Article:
(Photo courtesy/Walter Barrientos)
New Yorkers, including 25 from Long Island, rallied at the United Nations on Monday to defend Temporary Protected Status (TPS), which has helped thousands from a variety of countries escape political turmoil and natural disasters in their homeland.
The Trump administration has called for an end to TPS, a move that would affect 435,000 people across the United States from El Salvador, Haiti, Honduras, Nepal, Nicaragua, Sudan, Somalia, South Sudan, Syria, and Yemen.
Previously, the federal government has renewed each country’s TPS for 18 months. This summer, however, TPS for Haitians, who were granted the status after the 2010 earthquake, was renewed for only six months, until January 2018.
Until they can return to their homeland, TPS recipients can legally work and live in the United States.
Also on Monday, the Department of Homeland Security announced that it would be ending TPS for Sudan in November 2018. Protections for South Sudan will extend until May 2019.
Walter Barrientos, Long Island organizing director for Make the Road New York, protested at the U.N. with fellow Long Islanders to press world leaders to hear their pleas, so that TPS recipients can feel safe in a nation many now call home.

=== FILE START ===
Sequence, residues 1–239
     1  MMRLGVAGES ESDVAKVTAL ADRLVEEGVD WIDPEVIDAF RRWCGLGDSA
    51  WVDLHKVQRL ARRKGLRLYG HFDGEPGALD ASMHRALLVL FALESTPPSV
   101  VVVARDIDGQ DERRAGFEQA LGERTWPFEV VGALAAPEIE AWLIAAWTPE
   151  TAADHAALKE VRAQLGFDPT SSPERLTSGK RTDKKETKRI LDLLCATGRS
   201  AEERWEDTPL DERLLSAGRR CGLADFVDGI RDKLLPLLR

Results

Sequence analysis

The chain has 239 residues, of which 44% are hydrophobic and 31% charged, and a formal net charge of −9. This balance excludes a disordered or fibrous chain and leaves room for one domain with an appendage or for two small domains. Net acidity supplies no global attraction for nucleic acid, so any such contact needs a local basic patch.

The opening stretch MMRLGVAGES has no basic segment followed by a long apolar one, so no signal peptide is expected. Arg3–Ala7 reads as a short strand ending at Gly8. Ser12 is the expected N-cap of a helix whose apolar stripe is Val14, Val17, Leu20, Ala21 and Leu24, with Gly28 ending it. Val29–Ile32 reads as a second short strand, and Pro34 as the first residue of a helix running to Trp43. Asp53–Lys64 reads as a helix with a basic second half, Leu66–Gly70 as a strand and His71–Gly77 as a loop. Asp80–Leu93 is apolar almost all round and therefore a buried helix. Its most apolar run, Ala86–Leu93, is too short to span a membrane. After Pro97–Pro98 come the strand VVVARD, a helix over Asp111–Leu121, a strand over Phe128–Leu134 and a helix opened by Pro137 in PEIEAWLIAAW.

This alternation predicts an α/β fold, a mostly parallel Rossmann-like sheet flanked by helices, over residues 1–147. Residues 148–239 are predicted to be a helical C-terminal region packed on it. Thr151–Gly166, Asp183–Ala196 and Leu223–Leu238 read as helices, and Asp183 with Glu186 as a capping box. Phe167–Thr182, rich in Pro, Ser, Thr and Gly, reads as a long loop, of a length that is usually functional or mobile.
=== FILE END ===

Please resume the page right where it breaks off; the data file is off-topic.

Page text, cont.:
“We’re here to demand – with people not just from central America, but also some folks from African countries that are protected by TPS – to demand that it be renewed,” Barrientos said.
Ending the program deals another blow to immigrants who are already living in a state of fear after the recent announcement to end the Deferred Action for Childhood Arrivals.
“As both a DACA recipient and the son of a Salvadoran TPS recipient, I know firsthand the power of coming out of the shadows as an immigrant, and the risk when that opportunity is only temporary,” said Cristian Vasquez, DACA recipient who works at Central American Legal Assistance, speaking with Make the Road.
“As we face the risk of losing our work permits, and our protection from deportation, I am obliged to remind all that while my father and I may not be Americans on paper, the standards, liberties and rights of this country run through our veins,” Vasquez said.
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